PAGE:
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, count of Paris, was elected (888) king after the deposition of the Carolingian king Charles III (Charles the Fat). From 893 to 987 the crown passed back and forth between CarolingiansCarolingians
, dynasty of Frankish rulers, founded in the 7th cent. by Pepin of Landen, who, as mayor of the palace, ruled the East Frankish Kingdom of Austrasia for Dagobert I.
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 and descendants of Robert the Strong. Eudes's brother, Robert IRobert I,
c.865–923, French king (922–23), son of Count Robert the Strong and younger brother of King Eudes. He inherited from Eudes the territory between the Seine and the Loire rivers.
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, was chosen king in 922 but died in 923. The title, waived by his son, Hugh the GreatHugh the Great,
d. 956, French duke; son of King Robert I and father of Hugh Capet. Excluded from the succession on his father's death by his brother-in-law Raoul, he supported the candidacy of Louis IV, the Carolingian heir, after Raoul's death (936).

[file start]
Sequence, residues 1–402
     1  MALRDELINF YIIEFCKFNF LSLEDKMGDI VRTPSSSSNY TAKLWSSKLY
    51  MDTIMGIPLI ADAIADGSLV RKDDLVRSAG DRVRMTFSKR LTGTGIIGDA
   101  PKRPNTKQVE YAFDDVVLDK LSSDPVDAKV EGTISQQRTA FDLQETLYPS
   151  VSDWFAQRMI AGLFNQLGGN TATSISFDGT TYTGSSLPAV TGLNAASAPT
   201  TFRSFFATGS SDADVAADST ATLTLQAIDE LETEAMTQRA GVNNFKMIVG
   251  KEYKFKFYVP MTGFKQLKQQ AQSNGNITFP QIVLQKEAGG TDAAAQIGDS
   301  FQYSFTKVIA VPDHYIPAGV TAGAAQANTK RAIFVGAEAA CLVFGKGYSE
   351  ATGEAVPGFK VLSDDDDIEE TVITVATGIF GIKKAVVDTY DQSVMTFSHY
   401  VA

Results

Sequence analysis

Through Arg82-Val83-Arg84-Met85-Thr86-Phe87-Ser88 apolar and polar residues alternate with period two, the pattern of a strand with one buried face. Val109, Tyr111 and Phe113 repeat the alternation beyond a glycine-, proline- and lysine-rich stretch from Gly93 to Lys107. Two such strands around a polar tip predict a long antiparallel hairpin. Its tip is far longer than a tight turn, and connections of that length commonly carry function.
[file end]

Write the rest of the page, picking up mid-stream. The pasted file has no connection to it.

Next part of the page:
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, passed to Robert's son-in-law, RaoulRaoul
, d. 936, duke of Burgundy, king of France (923–36). Elected king to succeed his father-in-law, Robert I, Raoul fought the Normans and the Hungarians, who repeatedly invaded France.
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, duke of Burgundy. In 987, Hugh's son, Hugh Capet, became king. His direct descendants remained on the throne until the death (1328) of Charles IV, when it passed to the related house of Valois. The successors of Hugh Capet were Robert II, Henry I, Philip I, Louis VI, Louis VII, Philip II, Louis VIII, Louis IX, Philip III, Philip IV, Louis X, John I, Philip V, and Charles IV. Their reign marked the expansion of royal authority, the revival of towns and commerce, and the beginning of the modern French state.